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Upcoming Summer Graduate Schools

  1. Commutative Algebra and its Interaction with Algebraic Geometry

    Organizers: Craig Huneke (University of Virginia), Sonja Mapes (University of Notre Dame), Juan Migliore (University of Notre Dame), LEAD Claudia Polini (University of Notre Dame), Claudiu Raicu (University of Notre Dame)
    The figure represents a blow-up. The so called blow-up algebras or Rees rings are the algebraic realizations of such blow-ups.

    Linkage is a method for classifying ideals in local rings. Residual intersections is a generalization of linkage to the case where the two `linked' ideals  need not have the same codimension. Residual intersections are ubiquitous: they play an important role in the study of blowups, branch and multiple point loci, secant varieties, and Gauss images; they appear naturally in intersection theory; and they have close connections with integral closures of ideals. 

    Commutative algebraists have long used the Frobenius or p-th power map to study commutative rings containing a finite fi eld. The theory of tight closure and test ideals has widespread applications to the study of symbolic powers and to Briancon-Skoda type theorems for equi-characteristic rings.

    Numerical conditions for the integral dependence of ideals and modules have a wealth of applications, not the least of which is in equisingularity theory. There is a long history of generalized criteria for integral dependence of ideals and modules based on variants of the Hilbert-Samuel and the Buchsbaum-Rim multiplicity that still require some remnants of finite length assumptions.

    The Rees ring and the special fiber ring of an ideal arise in the process of blowing up a variety along a subvariety. Rees rings and special fiber rings also describe, respectively, the graphs and the images of rational maps between projective spaces. A difficult open problem in commutative algebra, algebraic geometry, elimination theory, and geometric modeling is to determine explicitly the equations defining graphs and images of rational maps.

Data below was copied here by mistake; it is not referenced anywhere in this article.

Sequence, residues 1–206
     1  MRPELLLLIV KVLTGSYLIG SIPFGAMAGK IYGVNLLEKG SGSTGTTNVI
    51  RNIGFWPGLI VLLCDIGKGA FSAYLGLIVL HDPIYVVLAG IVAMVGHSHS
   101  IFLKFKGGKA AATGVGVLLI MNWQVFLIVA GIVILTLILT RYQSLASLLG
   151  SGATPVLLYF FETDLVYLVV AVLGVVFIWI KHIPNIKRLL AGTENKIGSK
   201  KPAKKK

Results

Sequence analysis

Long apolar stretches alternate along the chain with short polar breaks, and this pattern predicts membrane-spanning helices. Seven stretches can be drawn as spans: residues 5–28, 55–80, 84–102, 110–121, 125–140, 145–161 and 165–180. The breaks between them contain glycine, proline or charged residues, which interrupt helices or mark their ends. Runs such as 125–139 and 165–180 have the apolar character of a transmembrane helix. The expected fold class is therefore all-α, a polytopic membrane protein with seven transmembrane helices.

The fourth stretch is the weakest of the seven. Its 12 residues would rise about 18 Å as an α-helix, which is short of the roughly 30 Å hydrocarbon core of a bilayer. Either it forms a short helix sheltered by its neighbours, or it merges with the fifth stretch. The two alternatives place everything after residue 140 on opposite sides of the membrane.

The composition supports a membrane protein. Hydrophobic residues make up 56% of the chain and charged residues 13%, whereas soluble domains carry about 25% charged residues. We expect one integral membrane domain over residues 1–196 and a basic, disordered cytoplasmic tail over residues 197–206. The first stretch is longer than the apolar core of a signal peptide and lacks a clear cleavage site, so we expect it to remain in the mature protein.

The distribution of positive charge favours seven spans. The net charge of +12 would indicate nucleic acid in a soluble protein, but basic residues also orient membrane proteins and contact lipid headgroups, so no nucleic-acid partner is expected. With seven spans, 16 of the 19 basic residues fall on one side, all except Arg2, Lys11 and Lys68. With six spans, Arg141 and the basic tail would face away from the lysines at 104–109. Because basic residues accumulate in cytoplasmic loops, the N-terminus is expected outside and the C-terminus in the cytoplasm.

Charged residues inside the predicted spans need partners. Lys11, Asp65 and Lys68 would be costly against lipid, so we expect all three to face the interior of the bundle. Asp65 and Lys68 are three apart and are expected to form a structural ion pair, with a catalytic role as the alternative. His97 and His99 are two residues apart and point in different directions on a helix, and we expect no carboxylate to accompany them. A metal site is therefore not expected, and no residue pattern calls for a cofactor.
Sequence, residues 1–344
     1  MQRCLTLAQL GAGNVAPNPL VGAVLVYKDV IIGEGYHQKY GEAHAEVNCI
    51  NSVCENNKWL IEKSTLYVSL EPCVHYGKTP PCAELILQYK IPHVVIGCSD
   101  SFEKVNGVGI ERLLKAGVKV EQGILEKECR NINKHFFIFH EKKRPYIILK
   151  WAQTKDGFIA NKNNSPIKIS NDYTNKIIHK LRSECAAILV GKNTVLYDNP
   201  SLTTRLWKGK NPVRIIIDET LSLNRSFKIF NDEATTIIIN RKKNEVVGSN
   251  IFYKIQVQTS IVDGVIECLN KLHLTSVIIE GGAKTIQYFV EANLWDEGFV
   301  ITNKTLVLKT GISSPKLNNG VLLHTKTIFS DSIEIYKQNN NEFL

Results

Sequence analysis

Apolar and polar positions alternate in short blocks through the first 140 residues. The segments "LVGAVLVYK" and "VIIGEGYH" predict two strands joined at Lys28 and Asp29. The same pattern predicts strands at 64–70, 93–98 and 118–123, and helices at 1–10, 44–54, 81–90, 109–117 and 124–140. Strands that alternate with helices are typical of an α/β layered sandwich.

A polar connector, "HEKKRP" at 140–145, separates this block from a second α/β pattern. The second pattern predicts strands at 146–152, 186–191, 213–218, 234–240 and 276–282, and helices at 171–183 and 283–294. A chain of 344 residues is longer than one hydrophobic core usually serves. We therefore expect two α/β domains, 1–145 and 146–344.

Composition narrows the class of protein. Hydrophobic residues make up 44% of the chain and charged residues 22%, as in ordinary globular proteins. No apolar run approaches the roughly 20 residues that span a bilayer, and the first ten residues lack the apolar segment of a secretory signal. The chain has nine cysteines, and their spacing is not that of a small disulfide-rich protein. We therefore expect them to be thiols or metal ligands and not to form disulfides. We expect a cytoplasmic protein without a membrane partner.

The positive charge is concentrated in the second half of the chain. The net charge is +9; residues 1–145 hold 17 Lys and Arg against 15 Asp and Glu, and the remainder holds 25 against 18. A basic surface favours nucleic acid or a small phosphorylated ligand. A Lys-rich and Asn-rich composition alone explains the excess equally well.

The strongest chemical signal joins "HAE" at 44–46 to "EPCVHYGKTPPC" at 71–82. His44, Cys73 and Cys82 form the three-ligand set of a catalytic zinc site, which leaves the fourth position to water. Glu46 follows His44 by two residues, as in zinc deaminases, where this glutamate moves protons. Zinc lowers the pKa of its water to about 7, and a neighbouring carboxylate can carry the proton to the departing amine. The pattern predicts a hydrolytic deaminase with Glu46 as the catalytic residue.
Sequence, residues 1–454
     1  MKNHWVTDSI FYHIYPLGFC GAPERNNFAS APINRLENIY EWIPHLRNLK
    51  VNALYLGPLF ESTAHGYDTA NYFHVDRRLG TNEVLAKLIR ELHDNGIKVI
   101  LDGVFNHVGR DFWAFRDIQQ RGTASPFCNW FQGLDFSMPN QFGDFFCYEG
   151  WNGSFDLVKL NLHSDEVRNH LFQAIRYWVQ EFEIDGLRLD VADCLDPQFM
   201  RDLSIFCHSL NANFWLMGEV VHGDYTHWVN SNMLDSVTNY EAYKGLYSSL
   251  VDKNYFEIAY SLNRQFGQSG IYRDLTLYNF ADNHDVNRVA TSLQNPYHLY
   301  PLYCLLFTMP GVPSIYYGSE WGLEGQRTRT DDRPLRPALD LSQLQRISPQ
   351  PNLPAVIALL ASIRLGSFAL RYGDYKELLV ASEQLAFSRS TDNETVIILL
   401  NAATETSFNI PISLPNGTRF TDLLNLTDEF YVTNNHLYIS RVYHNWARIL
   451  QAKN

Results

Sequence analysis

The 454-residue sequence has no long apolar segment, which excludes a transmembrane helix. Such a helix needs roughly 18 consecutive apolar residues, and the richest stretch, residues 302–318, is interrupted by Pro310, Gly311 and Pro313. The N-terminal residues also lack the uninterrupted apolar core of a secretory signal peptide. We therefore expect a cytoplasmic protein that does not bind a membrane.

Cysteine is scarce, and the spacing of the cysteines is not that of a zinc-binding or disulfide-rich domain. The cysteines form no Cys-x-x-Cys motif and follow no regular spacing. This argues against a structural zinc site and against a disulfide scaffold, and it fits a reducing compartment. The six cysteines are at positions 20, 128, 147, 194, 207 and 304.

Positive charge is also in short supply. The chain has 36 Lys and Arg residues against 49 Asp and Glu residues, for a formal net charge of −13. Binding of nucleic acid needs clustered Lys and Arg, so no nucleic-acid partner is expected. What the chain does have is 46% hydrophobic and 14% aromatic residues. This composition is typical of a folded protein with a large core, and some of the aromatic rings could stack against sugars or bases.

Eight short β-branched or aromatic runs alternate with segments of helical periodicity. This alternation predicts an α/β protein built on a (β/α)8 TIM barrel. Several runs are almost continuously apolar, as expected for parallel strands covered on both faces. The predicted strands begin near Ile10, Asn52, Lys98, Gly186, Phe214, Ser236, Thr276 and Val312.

The school will consist of the following four courses with exercise sessions plus a Macaulay2 workshop

    • Linkage and residual intersections
    • Characteristic p methods and applications
    • Blowup algebras
    • Multiplicity theory

    Updated on Aug 09, 2018 12:27 PM PDT
  2. Random and arithmetic structures in topology

    Organizers: LEAD Alex Furman (University of Illinois at Chicago), Tsachik Gelander (Weizmann Institute of Science)
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    The study of locally symmetric manifolds, such as closed hyperbolic manifolds, involves geometry of the corresponding symmetric space, topology of towers of its finite covers, and number-theoretic aspects that are relevant to possible constructions.
    The workshop will provide an introduction to these and closely related topics such as lattices, invariant random subgroups, and homological methods.

    Updated on Apr 20, 2018 03:02 PM PDT
  3. Representation stability

    Organizers: Thomas Church (Stanford University), LEAD Andrew Snowden (University of Michigan), Jenny Wilson (Stanford University)
    An illustration of an adaptation of Quillen's classical homological stability spectral sequence argument

    This summer school will give an introduction to representation stability, the study of algebraic structural properties and stability phenomena exhibited by sequences of representations of finite or classical groups -- including sequences arising in connection to hyperplane arrangements, configuration spaces, mapping class groups, arithmetic groups, classical representation theory, Deligne categories, and twisted commutative algebras.  Representation stability incorporates tools from commutative algebra, category theory, representation theory, algebraic combinatorics, algebraic geometry, and algebraic topology. This workshop will assume minimal prerequisites, and students in varied disciplines are encouraged to apply. 

    Updated on Aug 03, 2018 11:17 AM PDT
  4. Séminaire de Mathématiques Supérieures 2019: Current trends in Symplectic Topology

    Organizers: Octav Cornea (Université de Montréal), Yakov Eliashberg (Stanford University), Michael Hutchings (University of California, Berkeley), Egor Shelukhin (Université de Montréal)

    Symplectic topology is a fast developing branch of geometry that has seen phenomenal growth in the last twenty years. This two weeks long summer school, organized in the setting of the Séminaire de Mathématiques Supérieures, intends to survey some of the key directions of development in the subject today thus covering: advances in homological mirror symmetry; applications to hamiltonian dynamics; persistent homology phenomena; implications of flexibility and the dichotomy flexibility/rigidity; legendrian contact homology; embedded contact homology and four-dimensional holomorphic techniques and others. With the collaboration of many of the top researchers in the field today, the school intends to serve as an introduction and guideline to students and young researchers who are interested in accessing this diverse subject. 

    Updated on Jul 31, 2018 11:54 AM PDT